REDD-Monitor’s weekly round up of the news on REDD, organised by date with short extracts (click on the title for the full article). REDD-Monitor’s news links on delicious.com are updated regularly. For past REDD in the news posts, click here.
Climate Change Policy & Practice (IISD), April 2014 | The UN Framework Convention on Climate Change (UNFCCC) has posted submissions from Parties on “methodological guidance for activities relating to reducing emissions from deforestation and forest degradation and the role of conservation, sustainable management of forests and enhancement of forest carbon stocks in developing countries.” The views presented from Parties are on: methodological guidance for non-market-based approaches related to the implementation of the activities referred to in decision 1/CP.16, paragraph 70; and the issues referred to in decision 1/CP.18, paragraph 40. A total of eight submissions were posted on non-market-based approaches and non-carbon benefits associated with REDD+. The submissions represent the views of 17 countries including the countries of the European Union (EU) and the Association of Southeast Asian Nations (ASEAN).
By Gloria Gonzalez, Forest Carbon Portal, April 2014 | No other term in the forest carbon market generates both excitement and controversy quite like REDD (Reducing Emissions from Deforestation and forest Degradation). These projects have developed in voluntary carbon market circles as a way to place a value on the carbon sequestration provided by tropical forests and allow this value to be monetized in a way that ensures dollars flow down to local governments and community groups to encourage them to conserve forests. “There’s been great progress, at least in the voluntary space,” said Toby Janson-Smith, Director for the Verified Carbon Standard’s Agriculture, Forestry & Other Land Use program, speaking at the Climate Action Reserve’s (CAR) Navigating the American Carbon World (NACW) conference in San Francisco last month.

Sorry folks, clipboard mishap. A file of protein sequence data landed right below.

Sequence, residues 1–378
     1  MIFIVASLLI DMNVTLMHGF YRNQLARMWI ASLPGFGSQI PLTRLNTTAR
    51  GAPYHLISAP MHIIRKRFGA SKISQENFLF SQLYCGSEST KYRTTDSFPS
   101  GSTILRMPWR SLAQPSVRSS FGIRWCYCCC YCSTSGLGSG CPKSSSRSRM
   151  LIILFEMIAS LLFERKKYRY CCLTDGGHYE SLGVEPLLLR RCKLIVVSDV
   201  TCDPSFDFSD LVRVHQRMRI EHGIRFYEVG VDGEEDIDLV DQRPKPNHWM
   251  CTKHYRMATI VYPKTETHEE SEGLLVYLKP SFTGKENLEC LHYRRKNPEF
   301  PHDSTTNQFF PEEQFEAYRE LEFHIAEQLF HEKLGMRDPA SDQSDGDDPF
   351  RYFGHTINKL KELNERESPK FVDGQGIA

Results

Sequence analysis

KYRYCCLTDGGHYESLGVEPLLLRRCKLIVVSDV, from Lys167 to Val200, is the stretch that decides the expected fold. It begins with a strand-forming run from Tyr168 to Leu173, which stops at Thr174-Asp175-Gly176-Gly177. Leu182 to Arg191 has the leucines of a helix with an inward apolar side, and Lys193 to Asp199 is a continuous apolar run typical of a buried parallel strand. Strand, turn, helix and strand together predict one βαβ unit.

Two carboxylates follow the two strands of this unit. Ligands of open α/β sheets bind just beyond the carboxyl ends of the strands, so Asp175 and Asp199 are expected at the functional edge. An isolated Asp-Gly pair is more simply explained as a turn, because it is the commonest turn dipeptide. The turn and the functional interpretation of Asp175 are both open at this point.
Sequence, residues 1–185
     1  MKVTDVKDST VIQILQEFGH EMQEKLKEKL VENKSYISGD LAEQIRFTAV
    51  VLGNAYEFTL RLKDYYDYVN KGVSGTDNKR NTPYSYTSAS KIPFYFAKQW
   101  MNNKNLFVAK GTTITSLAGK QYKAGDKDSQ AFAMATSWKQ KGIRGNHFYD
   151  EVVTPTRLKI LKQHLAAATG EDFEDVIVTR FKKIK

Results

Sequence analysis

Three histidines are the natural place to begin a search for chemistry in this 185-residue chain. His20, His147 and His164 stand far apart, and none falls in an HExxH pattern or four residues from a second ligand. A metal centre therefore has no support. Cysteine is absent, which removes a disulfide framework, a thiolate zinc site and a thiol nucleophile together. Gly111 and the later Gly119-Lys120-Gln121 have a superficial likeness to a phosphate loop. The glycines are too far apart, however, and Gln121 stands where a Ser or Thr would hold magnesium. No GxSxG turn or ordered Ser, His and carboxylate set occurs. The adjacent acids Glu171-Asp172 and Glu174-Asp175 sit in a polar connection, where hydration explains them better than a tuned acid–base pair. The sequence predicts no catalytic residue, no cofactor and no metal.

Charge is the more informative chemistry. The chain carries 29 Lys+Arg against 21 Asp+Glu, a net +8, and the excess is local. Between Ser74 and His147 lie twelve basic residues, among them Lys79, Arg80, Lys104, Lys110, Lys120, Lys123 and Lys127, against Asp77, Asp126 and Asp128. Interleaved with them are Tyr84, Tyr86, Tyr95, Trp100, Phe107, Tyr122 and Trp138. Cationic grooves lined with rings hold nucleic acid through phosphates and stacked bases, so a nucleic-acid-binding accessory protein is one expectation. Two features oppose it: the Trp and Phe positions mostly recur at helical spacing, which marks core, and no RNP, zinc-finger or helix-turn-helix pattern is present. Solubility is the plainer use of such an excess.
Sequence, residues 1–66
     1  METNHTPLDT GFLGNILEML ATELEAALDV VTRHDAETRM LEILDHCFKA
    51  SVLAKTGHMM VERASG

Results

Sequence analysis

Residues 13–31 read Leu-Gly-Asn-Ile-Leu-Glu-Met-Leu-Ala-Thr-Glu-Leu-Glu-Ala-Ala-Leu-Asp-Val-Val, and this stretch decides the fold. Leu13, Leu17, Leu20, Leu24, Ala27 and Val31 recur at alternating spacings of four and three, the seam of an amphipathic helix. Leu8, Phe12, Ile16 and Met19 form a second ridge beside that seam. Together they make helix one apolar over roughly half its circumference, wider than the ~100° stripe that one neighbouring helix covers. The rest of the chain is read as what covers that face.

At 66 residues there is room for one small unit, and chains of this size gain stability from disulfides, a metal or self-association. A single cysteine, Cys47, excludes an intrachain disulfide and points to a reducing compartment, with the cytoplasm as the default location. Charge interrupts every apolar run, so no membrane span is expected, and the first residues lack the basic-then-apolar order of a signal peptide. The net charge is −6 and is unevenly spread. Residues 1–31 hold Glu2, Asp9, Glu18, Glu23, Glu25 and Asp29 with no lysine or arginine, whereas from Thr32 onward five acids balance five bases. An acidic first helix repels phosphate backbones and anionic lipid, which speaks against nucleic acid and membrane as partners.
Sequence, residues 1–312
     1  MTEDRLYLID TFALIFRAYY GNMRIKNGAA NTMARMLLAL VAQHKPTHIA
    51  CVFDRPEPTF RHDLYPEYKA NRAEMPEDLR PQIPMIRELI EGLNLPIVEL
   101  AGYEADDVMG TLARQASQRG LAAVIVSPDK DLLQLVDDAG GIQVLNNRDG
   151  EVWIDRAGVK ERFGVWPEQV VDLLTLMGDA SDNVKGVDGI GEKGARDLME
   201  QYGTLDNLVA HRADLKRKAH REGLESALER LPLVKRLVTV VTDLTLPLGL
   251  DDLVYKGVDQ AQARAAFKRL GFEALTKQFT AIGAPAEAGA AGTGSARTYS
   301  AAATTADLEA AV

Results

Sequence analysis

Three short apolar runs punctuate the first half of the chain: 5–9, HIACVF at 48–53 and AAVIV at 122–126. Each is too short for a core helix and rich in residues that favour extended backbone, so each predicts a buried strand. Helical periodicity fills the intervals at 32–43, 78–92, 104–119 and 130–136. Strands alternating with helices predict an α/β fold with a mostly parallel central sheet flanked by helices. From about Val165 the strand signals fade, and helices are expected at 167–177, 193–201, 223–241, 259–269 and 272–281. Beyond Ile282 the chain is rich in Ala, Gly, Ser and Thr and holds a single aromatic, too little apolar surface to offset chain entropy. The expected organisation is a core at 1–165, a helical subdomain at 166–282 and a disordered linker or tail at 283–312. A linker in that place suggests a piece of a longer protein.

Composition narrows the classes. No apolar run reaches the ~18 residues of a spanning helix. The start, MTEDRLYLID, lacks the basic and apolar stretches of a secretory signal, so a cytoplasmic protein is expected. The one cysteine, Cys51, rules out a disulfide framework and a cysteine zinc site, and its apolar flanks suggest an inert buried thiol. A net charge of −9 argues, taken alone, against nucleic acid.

By Gloria Gonzalez, Forest Carbon Portal, April 2014 | Brazilian company Natura caused quite a stir in the global carbon markets in 2013 when it engaged in a first-of-its-kind deal to purchase 120,000 tons of carbon offsets from a project developed by the Paiter-Suruí indigenous community in the Amazon under the Verified Carbon Standard’s Reduced Emissions from Deforestation and forest Degradation (REDD) methodology. In 2007, the cosmetics giant launched its corporate carbon neutral program, which now supports 15 carbon offset projects in Brazil and one in Colombia, Mariama Vendramini told attendees of the Navigating the American Carbon World conference in San Francisco. Vendramini is the commercial and financial director for Biofilica, which provides environmental services and develops REDD offsets for Brazilian companies. She estimated the total number of offsets voluntarily purchased by the company at 1.5 million tonnes of carbon dioxide equivalent (MtCO2e).
7 April 2014
By Susanna Twidale, Reuters, 7 April 2014 | Dutch utility Eneco has agreed to pay above market rates for hundreds of thousands of carbon credits to back an environmental project in Nepal under the U.N. scheme to fund emission reduction projects in poor countries. The project, which was registered last week, aims to provide poor households with new wood-burning stoves that require 60 percent less fuel, which helps reduce family fuel bills, air pollution and deforestation as well as improving household health conditions. Eneco, owned by 55 Dutch municipalities, said it was willing to pay more than the market rate to ensure the project goes ahead.
By Robin Harding, Financial Times, 7 April 2014 | “We found we’re really working as six regional banks because knowledge wasn’t moving from one region to another,” Mr Kim said in an interview. He recalls being told: “Our money is insignificant and we’re quickly moving towards irrelevance.” Creeping irrelevance is indeed the heart of the World Bank’s problem. Middle-income countries such as Brazil and India can now borrow cheaply on international capital markets. The World Bank has many possible responses: focus on the poorest countries only, cut back on the environmental and corruption controls that make it cumbersome, or focus on cross-border problems such as climate change or infectious disease. “Nobody that I ever spoke with thought that the first-order concern was organisational,” said Lant Pritchett, a professor of international development at Harvard’s Kennedy School, and longstanding critic of Mr Kim.